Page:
Ecoscript 44

Although it is assumed that there is only one biotechnology,
analysis shows that the targets of the industrialized world
(biotechnology) is totally different from the regional biotech
targets of Latin American countries (pseudobiotech=pBT).

The failure of pBT is the result of a strategy of technologi-
cal development which does not aim at the creation of interna-
tionally competitive high-added-value products, but limits the
regional aspirations and efforts to a narrow range of options
of dubious commercial value. Latin American countries consider
pBT an instrument for solving social and political problems
like malnutrition, most of the endemic diseases of the region,
and improving the poor farmer's fare. This is wrong in two
accounts: technology by itself does not solve social problems;
and the desired products are not likely to be profitable even
in the local marketplace.

The region still refuses to acknowledge the fact that biotech-
nology is very scant in technology and very rich in original,
useful science, and that the stakes are very high. Corporate
aims are the design and development off new drugs and procedu-
res which have immense potential markets and which are needed
to maintain annual revenue figures in the one to ten billion
dollars range. This is only possible through a deep understan-
ding of the molecular biologies of the gene, of the genome and
of the animal and plant cell, as well as the molecular bases
of physiology and physiopathology of animals and plants.

These are the main areas of thrust of modern molecular biolo-
gy, funded by the national science systems of the First World.
These areas are virtually absent from the scientific landscape
of Latin America, and there are no indications about any indi-
genous public or corporate actors interested in subsidizing
their development.

In Latin America, where economists and politicians never had
to consider science, creativity, and autonomous innovation in
technology as meaningful economic variables, there is no sig-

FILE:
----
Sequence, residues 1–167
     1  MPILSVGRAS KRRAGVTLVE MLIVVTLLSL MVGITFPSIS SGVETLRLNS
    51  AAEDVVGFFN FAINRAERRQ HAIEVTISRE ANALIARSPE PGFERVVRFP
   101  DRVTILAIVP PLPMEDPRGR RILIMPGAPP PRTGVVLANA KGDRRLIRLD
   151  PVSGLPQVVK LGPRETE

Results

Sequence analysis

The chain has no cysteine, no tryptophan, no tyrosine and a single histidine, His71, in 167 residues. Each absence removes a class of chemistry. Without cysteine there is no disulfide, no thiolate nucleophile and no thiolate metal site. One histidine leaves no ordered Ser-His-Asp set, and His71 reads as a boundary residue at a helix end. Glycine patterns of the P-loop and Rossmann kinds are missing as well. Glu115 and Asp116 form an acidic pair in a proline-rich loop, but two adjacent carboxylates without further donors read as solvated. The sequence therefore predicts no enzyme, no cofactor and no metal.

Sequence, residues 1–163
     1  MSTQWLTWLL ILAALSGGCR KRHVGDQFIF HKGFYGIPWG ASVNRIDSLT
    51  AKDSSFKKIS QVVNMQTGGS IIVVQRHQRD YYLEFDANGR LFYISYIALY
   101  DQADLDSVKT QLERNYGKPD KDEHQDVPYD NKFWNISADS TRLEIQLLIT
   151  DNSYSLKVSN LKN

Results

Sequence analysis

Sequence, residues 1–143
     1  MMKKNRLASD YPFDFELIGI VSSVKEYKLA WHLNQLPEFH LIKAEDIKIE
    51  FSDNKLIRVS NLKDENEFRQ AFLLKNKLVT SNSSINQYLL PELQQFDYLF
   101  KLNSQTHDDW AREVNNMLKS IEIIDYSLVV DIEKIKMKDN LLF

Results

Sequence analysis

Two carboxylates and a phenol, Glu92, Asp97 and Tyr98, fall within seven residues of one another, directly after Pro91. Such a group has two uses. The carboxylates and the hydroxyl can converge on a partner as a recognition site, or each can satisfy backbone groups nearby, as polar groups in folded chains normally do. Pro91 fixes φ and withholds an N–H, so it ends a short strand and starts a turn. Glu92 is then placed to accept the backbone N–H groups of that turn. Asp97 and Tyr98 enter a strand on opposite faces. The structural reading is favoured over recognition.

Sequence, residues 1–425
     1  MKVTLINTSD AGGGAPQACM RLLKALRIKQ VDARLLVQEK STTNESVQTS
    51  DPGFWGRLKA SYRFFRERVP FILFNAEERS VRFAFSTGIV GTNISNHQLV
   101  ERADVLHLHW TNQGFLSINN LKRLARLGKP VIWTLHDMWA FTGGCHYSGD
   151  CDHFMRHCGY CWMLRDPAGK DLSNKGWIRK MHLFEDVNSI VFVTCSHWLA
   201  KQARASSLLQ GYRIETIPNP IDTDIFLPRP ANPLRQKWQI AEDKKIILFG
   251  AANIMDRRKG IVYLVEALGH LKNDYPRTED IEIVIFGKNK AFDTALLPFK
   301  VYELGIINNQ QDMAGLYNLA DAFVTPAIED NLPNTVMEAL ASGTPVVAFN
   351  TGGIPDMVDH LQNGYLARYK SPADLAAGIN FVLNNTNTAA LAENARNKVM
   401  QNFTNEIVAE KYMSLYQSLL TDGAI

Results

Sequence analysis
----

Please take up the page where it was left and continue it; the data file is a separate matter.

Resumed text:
nificant discussion about these issues. Economists, business-
people, industrialists and politicians are blind to the prob-
lems of innovation as seen in the First World. For them, inno-
vation means shopping for the latest state-of-the-art techno-
logy that is available and they van afford. Industries often
become world competitive by buying abroad - off the shelve -
the latest machinery, employing first-rate scientists to des-
ign rational buying strategies and the required adaptations of

Yet most Latin American countries have by now some sort of re-
search establishment - operationally defined as THE SET OF THE
naturally anxious to justify their salaries.

In Latin America, scientific excellency and high standards of
science education are not translated automatically in wealth
and economic growth. The Latin American experience shows that
within the present mode of development, strength in research
is neither a necessary nor a sufficient condition for economic


Introduction 7
A bad moment for high tech 8
Biotechnology 10
Profits 10
Investments 10
Competitivity 11
Globality 11
The role of the university 12
Biotechnology is not a type of engineering 13
Pseudobiotechnology 14
pBT and industry 15
The other reality of industry-university cooperation 16
Industrial parks: the last pBT fad 16
The educational problem 18
pBT and business 20
The potentialities of transgenic plants 21
Plant genomes projects 23
The human genome project 24
Changing technologies, changing strategies 25
The genome of a worm 27
The cystic fibrosis gene 27
The huntington's disease gene 30
Some remarks on the search for human genes 31
Cattle genome projects 33
Japan and the UK 33
The international politics of the genome 35
The control of the genome data 35
Latin America and the genome projects 36
Biotic diversity and biotechnology 38
An agenda for Latin American biotechnology 40
Acknowledgements 42
Notes and references 43